MS Outlook - How to edit the front page of the 'Task' form


M Greenaway

Do any MS Outlook boffins out there know how to edit the front page of the 'Task' form in MS Outlook.

I have used the 'Task' form to create a new form for document approval, all I want to do at present is add a yes/no box to the front page next to the '% complete' field. But when I go in to edit this form it will not allow me to edit the front page, only the subsequent pages.

Any ideas ?



I don't know if this is the answer to what you want, but if you "right click" on the checkbox, you can format that column to "yes/no" versus "icon".

Hank Fowler

James Gutherson

At last!

Hi Martin, I've said this in the cove a few times before, Outlook is a great little tool for this isn't it:D

Unfortunatly however some of the standard forms, Task's included don't let you modify their priginal pages.

What you need to do is copy and paste all the elements from the front page to one of the blank pages and then make your changes. Remember to then hide the original front page. You might also get some errors about there being only one memo field allowed per form. I just ignore this and every thing works fine.

If you haven't seen the MSPress book "Building Applications with MS Outlook" is would suggest it is invaluable.

For others out there, I use Outlook for all my databases, CA/PA, Customer feedback, Doc control,... everything.

M Greenaway

Yes James

Outlook looks good, I am just starting to explore its potential. Being an avid Access fan I might take some convincing, but I like the idea of the seamless link with e-mail and tracking facilities.

I created a new form the other day and sent it to someone, but they got the standard e-mail form, and when I looked in my 'sent' folder it also looked like the standard e-mail form - how comes ?

James Gutherson


It is the flexibility of Outlook that I like, as well as the fact that everyone here knows how to use it quite well. The included search engine, reporting tools and email routing are also a bonus.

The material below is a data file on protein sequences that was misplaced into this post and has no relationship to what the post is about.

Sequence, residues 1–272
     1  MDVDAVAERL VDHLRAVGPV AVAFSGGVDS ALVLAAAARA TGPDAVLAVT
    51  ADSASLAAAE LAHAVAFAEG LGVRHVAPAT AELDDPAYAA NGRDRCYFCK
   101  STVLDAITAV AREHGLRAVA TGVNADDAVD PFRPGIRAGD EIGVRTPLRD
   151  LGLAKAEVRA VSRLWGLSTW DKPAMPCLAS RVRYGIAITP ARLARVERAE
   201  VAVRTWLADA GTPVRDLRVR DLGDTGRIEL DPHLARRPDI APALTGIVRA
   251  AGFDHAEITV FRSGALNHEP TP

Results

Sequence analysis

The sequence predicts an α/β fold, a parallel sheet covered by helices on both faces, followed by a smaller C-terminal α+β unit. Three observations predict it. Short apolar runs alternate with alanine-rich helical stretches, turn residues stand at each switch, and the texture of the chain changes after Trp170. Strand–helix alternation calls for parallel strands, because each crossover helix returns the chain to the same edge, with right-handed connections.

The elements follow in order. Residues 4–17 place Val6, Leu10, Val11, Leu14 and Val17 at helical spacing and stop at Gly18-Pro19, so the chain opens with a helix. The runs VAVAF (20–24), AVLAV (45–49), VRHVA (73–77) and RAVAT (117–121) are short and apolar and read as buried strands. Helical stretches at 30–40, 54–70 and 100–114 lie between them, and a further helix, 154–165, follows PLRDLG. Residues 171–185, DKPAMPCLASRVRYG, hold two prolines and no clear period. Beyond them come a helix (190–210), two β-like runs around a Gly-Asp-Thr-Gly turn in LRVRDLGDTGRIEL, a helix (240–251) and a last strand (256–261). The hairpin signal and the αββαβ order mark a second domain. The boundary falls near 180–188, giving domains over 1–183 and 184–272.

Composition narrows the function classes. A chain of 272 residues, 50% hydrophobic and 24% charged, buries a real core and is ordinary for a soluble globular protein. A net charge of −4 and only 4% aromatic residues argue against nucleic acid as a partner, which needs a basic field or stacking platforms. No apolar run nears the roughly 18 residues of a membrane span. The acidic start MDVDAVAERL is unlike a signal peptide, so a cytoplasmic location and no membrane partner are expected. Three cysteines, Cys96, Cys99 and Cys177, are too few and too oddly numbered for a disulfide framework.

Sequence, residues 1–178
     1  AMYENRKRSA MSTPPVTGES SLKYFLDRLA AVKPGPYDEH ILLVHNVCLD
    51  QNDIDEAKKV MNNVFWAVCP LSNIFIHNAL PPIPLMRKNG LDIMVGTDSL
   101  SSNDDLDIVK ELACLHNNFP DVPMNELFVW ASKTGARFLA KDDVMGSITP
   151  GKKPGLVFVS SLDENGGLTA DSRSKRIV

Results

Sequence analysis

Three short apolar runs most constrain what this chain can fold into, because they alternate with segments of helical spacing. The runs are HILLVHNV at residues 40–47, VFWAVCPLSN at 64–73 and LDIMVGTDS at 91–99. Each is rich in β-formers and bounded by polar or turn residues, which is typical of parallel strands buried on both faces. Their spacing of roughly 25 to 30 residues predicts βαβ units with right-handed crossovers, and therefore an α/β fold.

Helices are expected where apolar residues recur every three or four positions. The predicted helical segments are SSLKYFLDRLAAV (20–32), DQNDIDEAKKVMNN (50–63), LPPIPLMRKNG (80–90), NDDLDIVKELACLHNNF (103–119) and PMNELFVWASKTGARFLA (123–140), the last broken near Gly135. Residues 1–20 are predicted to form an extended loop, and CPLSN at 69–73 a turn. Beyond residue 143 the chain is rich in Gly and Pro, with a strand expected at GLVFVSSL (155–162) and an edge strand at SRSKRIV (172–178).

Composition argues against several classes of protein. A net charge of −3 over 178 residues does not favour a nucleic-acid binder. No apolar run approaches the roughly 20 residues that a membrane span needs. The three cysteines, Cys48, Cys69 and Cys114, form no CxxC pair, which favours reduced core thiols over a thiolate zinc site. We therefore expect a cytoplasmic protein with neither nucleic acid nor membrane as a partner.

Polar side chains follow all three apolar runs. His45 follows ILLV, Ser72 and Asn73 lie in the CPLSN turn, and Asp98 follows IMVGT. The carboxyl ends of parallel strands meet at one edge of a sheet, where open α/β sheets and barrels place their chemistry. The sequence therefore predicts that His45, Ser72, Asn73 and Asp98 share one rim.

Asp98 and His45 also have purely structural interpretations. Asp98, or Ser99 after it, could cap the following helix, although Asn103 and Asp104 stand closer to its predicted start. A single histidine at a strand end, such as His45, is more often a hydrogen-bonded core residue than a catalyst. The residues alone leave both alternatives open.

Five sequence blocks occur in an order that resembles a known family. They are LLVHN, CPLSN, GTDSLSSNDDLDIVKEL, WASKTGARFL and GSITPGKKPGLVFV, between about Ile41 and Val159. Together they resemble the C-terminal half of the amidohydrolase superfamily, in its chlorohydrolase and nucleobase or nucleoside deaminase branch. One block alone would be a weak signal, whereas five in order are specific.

I am using it pretty much as a flat file database, except for email addresses, but you can do much more.

We are using the public folders of our corporate exchange system and it is in this that both the data and the forms definitions are stored.

What I first do is create a new public folder and define the 'base' type of item, task, email, calendar, etc. Then I open the default form and make the changes I want, adding new fields and controls if necessary.

You then need to 'publish' the form to that public folder. The folders store the data on the forms in one file, and the definition (layout) of the forms in others, but all in the one public folder. (This is how I understand it, some exchange guru might have different ideas but this is how it work in my mind).

You can then change the properties of the file to control who has access to it and what type of access, what forms to use, which is the default form. You can also define the default view (database list) of the folder to show the fields you want.

Anyone doing this type of work, I would suggest the MSPress book "Building Applications with MS Outlook".

James Gutherson

Oops forgot to answer your question

I would guess, that you didn't publish the form to the appropriate folder, or if you did that you haven't set your new form as the default for the folder.

That way the data from your new form has simply been rendered in the default form for the folder.
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